In various embodiments, the power supply voltage (Vdd) is approximately 2.0 volts, the pulse potential of the first word line (WL1) is approximately 2.0 volts, the pulse potential of the bit line (BL) is approximately 2.0 volts, the pulse potential of the reference node (VREF) is approximately 0.8 volts, and the pulse potential of the second word line (WL2) is approximately 1.5 volts.

WL2 is pulsed for both write-one and write-zero operations while the bit line is pulsed only for write-zero. During write-one, the second word-line (WL2) assists the thyristor in forward-biased “on”-mode in which the thyristor is conducting and raising the potential of the floating bit line. During write-zero, the bit line (BL) pulse reverse biases the cathode node of the thyristor while the second word line (WL2) pulse assists in switching the thyristor off completely within the short duration of the reverse biased pulse of the bit line (BL). The cell is read by turning on the access transistor using the first word line (WL2) and sensing the stored charge on the bit line (BL).

The cell performance is dependent on the thyristor turn-off speed (write-0) which is dramatically enhanced by using a thyristor gate, and in particular, a lateral, thyristor gate. Since the stored charge volume is significantly lower in the lateral thyristor, the gate-assisted lateral thyristor is expected to be turned off within one nanosecond of the bit line pulse, thereby significantly improving the performance of the cell.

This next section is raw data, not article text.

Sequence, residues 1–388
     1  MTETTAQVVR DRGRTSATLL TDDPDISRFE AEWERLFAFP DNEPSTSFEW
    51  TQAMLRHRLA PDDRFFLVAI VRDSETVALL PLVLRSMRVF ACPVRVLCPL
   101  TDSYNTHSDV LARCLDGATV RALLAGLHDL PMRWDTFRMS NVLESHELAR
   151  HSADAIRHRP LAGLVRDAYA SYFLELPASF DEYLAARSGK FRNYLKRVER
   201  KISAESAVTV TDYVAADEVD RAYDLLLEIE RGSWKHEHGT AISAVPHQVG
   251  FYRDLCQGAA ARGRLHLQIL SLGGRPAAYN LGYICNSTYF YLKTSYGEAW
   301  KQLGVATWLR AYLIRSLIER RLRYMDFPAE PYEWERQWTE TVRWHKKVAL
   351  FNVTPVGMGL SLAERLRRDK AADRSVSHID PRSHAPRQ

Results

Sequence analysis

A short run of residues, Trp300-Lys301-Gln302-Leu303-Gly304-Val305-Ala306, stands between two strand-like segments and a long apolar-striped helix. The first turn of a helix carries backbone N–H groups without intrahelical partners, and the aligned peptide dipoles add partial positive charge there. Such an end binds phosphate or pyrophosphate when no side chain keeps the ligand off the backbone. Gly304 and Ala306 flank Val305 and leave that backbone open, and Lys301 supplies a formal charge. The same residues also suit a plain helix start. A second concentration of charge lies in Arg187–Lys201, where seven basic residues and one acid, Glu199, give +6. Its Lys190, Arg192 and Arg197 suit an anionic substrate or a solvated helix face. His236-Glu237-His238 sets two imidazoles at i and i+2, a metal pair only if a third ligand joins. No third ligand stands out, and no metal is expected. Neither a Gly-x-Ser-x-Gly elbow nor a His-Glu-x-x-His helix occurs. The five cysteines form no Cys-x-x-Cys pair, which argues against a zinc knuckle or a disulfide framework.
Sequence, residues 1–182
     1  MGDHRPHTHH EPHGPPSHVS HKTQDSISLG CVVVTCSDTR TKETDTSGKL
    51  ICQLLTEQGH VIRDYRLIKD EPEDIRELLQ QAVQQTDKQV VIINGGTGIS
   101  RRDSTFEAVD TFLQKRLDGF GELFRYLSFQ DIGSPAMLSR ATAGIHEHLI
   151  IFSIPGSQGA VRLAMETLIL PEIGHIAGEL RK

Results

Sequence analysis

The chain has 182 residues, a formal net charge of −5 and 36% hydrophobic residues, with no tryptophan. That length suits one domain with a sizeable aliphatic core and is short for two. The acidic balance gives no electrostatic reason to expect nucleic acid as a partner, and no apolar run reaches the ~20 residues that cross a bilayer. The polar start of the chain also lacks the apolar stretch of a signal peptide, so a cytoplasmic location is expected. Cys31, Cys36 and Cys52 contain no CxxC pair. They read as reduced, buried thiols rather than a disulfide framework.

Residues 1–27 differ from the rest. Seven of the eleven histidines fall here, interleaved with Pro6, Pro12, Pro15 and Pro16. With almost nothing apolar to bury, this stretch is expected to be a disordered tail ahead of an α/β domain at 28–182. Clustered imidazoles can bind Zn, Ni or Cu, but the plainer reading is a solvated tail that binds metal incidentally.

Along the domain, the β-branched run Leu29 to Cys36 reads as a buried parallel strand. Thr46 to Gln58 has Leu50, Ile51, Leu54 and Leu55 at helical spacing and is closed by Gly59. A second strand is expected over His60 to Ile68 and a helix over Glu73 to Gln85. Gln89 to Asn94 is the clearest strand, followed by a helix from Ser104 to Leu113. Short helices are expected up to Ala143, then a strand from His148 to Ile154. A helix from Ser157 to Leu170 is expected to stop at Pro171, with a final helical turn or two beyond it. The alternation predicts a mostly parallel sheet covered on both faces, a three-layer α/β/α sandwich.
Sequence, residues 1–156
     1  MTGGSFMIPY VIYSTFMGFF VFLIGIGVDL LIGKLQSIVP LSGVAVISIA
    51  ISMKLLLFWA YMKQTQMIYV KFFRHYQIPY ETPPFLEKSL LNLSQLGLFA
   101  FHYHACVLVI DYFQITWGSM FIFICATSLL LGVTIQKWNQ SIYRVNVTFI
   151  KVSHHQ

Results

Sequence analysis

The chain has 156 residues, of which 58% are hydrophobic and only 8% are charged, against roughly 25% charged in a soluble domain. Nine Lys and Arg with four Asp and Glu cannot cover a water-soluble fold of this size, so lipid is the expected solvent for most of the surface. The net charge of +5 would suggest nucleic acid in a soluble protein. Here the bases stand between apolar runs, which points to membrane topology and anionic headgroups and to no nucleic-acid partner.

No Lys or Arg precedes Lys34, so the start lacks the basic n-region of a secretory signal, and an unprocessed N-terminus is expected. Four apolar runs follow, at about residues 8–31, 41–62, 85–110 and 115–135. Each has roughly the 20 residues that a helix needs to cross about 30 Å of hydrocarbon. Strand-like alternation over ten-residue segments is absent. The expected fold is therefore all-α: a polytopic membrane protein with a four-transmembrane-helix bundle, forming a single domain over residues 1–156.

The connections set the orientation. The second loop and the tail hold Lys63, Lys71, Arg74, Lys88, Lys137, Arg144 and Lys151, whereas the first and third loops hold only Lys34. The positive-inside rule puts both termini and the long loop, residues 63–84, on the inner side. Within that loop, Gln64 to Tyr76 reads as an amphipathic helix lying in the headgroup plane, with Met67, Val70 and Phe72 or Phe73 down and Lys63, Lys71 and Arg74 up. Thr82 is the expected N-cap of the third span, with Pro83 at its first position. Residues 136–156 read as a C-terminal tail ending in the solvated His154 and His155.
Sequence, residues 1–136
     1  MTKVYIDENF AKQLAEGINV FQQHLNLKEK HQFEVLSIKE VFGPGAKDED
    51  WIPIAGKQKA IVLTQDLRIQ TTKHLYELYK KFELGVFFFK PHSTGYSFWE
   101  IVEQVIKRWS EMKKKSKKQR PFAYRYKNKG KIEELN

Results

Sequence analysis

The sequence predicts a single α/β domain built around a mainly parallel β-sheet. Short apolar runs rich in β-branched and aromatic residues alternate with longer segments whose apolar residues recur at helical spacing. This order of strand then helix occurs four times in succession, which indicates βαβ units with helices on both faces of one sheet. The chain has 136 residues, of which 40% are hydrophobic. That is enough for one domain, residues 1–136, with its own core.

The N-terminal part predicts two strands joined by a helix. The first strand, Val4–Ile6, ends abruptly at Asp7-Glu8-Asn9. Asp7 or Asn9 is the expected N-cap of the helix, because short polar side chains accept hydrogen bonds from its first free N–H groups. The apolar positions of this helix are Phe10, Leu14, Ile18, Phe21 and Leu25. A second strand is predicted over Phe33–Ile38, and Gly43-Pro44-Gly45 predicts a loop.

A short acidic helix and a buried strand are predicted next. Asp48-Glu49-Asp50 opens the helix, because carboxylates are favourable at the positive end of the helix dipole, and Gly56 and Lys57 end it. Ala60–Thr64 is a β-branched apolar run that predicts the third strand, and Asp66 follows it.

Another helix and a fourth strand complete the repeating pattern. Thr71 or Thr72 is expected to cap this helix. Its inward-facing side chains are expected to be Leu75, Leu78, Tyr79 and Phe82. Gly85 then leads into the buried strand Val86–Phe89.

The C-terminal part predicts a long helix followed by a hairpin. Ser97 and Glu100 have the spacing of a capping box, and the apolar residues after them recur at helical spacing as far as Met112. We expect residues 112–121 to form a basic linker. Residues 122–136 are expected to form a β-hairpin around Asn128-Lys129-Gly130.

FIG. 6 illustrates forward and reverse I-V characteristics of GLTRAM cells according to various embodiments of the present subject matter in which the second word line voltage is approximately 1.5 volts. The figure illustrates that the second word line voltage allows a small forward bias potential (represented by the difference between VREF and the bit line potential VBL) to turn on the thyristor. The figure also illustrates that the GLTRAM has a very small standby current in the OFF state.

System Level

FIG. 7 is a simplified block diagram of a high-level organization of various embodiments of an electronic system according to the present subject matter. In various embodiments, the system 700 is a computer system, a process control system or other system that employs a processor and associated memory. The electronic system 700 has functional elements, including a processor or arithmetic/logic unit (ALU) 702, a control unit 704, a memory device unit 706 and an input/output (I/O) device 708. Generally such an electronic system 700 will have a native set of instructions that specify operations to be performed on data by the processor 702 and other interactions between the processor 702, the memory device unit 706 and the I/O devices 708. The control unit 704 coordinates all operations of the processor 702, the memory device 706 and the I/O devices 708 by continuously cycling through a set of operations that cause instructions to be fetched from the memory device 706 and executed. According to various embodiments, the memory device 706 includes, but is not limited to, random access memory (RAM) devices, read-only memory (ROM) devices, and peripheral devices such as a floppy disk drive and a compact disk CD-ROM drive. As one of ordinary skill in the art will understand, upon reading and comprehending this disclosure, any of the illustrated electrical components are capable of being fabricated to include a GLTRAM cell in accordance with the present subject matter.